The next project was the outdoor arena seating structure. This became a big one for us, and the guys were very eager to work on it and excited to see a structure come out of the work of their hands. A lot of thought went into how to do it best to make it functional and comfortable, and to provide shade for the guests. I personally love this kind of work where you can see a product at the end, and the work involved a lot of small skills that the ranch hands can use later in their lives, such as building a deck at their future house, critical thinking and problem solving, and even applying their math skills in a practical manner. This project was on and off over the middle of the summer, but by mid-August we were pretty much done. We will see the first real use of it this coming summer.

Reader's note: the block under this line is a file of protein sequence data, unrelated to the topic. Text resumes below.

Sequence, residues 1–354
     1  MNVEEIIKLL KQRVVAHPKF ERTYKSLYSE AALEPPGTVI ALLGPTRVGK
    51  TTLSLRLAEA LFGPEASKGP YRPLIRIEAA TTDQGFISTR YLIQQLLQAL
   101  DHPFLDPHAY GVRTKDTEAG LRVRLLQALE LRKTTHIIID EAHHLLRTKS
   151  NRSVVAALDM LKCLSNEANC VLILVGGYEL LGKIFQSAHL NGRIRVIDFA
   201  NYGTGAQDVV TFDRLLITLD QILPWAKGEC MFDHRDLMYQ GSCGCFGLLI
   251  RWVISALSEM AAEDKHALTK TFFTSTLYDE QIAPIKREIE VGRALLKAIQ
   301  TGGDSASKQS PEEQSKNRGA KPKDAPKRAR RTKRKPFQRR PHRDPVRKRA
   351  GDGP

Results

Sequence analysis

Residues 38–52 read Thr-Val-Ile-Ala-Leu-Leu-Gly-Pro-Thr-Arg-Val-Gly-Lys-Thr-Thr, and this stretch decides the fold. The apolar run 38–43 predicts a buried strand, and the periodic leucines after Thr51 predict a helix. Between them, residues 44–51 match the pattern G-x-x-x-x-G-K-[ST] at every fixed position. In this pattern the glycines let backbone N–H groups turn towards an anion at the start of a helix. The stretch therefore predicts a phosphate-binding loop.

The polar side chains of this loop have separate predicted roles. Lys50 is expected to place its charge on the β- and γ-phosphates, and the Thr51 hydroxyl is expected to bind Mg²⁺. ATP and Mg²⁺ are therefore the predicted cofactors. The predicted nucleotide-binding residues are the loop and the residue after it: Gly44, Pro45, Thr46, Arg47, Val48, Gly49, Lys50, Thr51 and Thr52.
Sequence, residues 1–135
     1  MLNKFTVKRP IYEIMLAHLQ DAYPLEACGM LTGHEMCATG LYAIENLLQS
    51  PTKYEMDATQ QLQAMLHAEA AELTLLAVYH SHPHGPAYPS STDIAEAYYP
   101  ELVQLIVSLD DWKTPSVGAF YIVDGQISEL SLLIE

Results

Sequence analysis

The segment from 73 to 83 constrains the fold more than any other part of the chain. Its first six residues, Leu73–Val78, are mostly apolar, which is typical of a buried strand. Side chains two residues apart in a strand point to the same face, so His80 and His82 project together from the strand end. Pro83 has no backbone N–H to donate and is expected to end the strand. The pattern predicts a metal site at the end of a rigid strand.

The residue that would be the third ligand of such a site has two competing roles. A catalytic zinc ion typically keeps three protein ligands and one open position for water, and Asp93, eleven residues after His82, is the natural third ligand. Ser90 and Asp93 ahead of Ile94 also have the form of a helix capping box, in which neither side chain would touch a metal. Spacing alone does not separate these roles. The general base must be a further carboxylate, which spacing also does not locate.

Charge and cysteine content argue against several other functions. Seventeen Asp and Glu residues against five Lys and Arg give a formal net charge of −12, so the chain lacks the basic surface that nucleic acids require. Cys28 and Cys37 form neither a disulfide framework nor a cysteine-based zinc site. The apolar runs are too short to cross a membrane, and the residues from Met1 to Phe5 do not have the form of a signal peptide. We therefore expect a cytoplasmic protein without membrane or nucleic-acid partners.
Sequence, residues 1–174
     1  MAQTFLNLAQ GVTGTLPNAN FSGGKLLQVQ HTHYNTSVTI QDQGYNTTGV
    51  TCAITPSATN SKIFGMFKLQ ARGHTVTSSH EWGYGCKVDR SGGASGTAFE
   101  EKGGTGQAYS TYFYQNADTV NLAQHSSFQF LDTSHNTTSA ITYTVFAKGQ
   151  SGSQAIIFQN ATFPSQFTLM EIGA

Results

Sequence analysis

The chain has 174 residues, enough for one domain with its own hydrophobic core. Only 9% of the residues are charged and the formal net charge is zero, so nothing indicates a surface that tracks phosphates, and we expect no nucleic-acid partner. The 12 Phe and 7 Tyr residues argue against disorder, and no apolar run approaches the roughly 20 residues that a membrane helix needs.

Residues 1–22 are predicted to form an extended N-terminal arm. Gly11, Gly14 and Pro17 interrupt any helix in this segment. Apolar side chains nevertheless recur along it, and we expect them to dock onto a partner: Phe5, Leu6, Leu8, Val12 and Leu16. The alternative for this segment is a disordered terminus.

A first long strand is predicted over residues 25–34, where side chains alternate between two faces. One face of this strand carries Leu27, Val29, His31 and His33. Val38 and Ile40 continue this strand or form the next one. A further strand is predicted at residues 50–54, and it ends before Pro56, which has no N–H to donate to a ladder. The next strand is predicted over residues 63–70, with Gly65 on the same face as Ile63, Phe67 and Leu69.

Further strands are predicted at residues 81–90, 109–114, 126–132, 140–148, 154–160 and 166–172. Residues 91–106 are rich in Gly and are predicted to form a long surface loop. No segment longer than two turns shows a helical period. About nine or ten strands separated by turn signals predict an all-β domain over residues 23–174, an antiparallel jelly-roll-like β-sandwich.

In between these big projects and various small projects around the ranch, we next set our sights on leveling the ground behind the hay storage so that the round bail haystacks stand on a surface with more drainage. This involved a lot of heavy machinery work as well as hauling loads of surface material in again. We’re seeing the benefits this winter already, as this project will prevent the hay from molding and the barn has a more level ground for moving the big round bales with the tractor. We spend a crazy amount of money on hay each year, and this project helps reduce loss.